In 1996, members of the radical Túpac Amaru Revolutionary Movement stormed into the Japanese ambassador’s home in Lima, Peru, and took the guests, attending a party in celebration of Emperor Akihito’s birthday, as their prisoners. The Japanese embassy hostage crisis, as it came to be called, lasted four months before it ended with a government raid that left all of the militants dead (and one of the hostages, too). So cinematic was the incident that it later became the inspiration for Ann Patchett’s greatest novel, Bel Canto, which has now, in turn, inspired a film adaptation directed and co-written by Paul Weitz, best known for his work on About a Boy and Mozart in the Jungle. The details of the fictional crisis deviate somewhat from its real-life counterpart—the setting is never specified beyond an unnamed country in Latin America, and the takeover happens during a party at a vice president’s house rather than an ambassador’s—but there is a fundamental curiosity that underlies both: How can two such different groups of people, captives and captors, coexist in a small space for months at a time?
In the film, on the side of the captives, we have Ken Watanabe as the party’s guest of honor, the beatific Katsumi Hosokawa, a Japanese manufacturer ostensibly visiting the country to scope out sites for a potential factory. He has no intention of doing so, however, and has only been lured so far from Tokyo by the promise of a private concert by his favorite opera singer, Roxane Coss, played by Julianne Moore not with the flamboyance of a diva but with the can-I-speak-to-the-manager imperiousness of an American tourist. It’s while Moore is performing—i.e., mouthing along rather unconvincingly to vocals provided by famed soprano Renée Fleming—that the party is crashed by freedom fighters, led by Benjamin (Tenoch Huerta), a sensitive teacher-turned-revolutionary, whose wife is being held in one of the government’s “illegal jails.”
The freedom fighters are there to take the president of the country hostage, but alas, he skipped the party, preferring to stay home and watch his soap opera. (Who among us … ?) The guerrillas, empty-handed and cut off from escape once the police and military arrive, make the best of their unintended hostages, but while there is plenty of talk of freeing “the people,” Weitz is not interested in politics, just relationships. These form, as they do in the novel, like cobwebs, gradually and inevitably, during the long and often boring days trapped in the house. The French ambassador becomes a father figure to a hotheaded young rebel who is evidence of why hormones and firearms should not mix; the vice president, with a newfound talent for housekeeping, promises a shy recruit, whose gun is almost as tall as he is, a job once the ordeal is over; and the Red Cross negotiator develops a kind of begrudging affection for Benjamin. Hosokawa and Roxane get together, of course, and there is a secondary romance between freedom fighter Carmen (María Mercedes Coroy), who wants to learn how to read, and Hosokawa’s translator Gen (Ryo Kase), who is willing to teach her.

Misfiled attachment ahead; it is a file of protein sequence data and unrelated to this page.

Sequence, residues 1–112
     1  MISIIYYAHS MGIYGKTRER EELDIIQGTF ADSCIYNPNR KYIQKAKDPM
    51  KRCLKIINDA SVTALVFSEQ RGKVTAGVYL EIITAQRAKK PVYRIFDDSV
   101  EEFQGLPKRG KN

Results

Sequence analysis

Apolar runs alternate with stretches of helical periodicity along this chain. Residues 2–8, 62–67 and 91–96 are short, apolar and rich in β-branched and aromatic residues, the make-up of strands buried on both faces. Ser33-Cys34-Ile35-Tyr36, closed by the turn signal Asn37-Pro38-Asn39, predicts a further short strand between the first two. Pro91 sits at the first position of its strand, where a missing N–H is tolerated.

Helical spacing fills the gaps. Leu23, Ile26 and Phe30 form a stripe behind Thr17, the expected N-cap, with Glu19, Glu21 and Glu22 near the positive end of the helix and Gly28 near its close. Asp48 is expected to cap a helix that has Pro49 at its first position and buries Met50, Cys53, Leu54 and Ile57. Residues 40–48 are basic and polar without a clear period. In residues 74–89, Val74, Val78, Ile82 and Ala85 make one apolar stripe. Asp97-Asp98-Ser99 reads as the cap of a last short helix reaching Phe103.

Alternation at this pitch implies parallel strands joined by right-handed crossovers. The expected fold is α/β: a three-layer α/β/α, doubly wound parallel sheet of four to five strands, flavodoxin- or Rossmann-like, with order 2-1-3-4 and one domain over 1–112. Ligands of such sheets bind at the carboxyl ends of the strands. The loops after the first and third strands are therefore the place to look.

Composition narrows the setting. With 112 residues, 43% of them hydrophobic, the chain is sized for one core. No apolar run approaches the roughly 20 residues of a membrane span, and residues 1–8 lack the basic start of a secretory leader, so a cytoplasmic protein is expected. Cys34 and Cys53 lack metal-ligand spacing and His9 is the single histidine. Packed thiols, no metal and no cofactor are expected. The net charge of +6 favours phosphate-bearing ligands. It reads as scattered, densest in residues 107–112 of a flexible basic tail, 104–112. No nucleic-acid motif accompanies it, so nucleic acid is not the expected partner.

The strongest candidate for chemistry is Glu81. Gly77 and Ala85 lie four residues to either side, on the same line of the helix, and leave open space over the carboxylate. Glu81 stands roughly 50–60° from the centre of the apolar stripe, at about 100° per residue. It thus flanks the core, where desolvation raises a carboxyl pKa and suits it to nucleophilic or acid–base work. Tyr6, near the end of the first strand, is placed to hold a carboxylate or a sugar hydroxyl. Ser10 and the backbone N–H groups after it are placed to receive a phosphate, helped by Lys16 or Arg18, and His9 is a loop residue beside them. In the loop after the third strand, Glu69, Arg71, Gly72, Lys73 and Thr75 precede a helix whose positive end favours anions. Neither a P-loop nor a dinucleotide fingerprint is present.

If any of the above sounds remotely interesting, you should go read Bel Canto, because Weitz’s version does the plot no favors, flat and detached as it is. Patchett’s novel was deliberately written as a melodrama, using flashbacks and asides to create an atmosphere that has been compared to magical realism. Weitz, meanwhile, can’t decide whether the movie should be a political thriller, a relationship drama, or something else entirely, as the actors trudge through expository dialogue with the directness of opera lyrics but without any of the emotion behind them. The stakes throughout feel oddly low—I don’t think it’s too much of a spoiler to reveal that one of the hostages, Roxane’s pianist, is accidentally shot early in the film, given that it was a key moment in the trailer. That’s a deviation from Patchett’s novel, in which the man, a somewhat ridiculous, lovestruck figure, simply dies because he’d rather be with his unrequited love than take his insulin shot. And yet despite making a substantial alteration to the plot, Weitz never really does anything with it: The pianist, already barely known, is so easily forgotten that when his killer later mutters, “I’m sorry,” it’s hard to remember what he’s apologizing for.
The dead pianist is certainly not on anyone’s mind at the end of the movie, after the characters have settled into a kind of domestic bliss, with the perk of daily opera concerts, despite warnings from the negotiator that the situation cannot go on. As the movie marches toward its inevitable, gruesome conclusion, the only one inside with any sense of what’s to come is Gen, whom another movie might have singled out as protagonist instead of allowing him to fade into the ensemble. Gen is, in many ways, a stand-in for the audience, and not just because he translates Spanish and Japanese for English speakers. When Carmen remarks that their unusual circumstance—terrorists and hostages living together—is the new normal, Gen responds that it’s “not forever.” By the time the credits roll, we’re grateful that’s true.
Slate is an Amazon affiliate and may receive a commission from purchases you make through our links.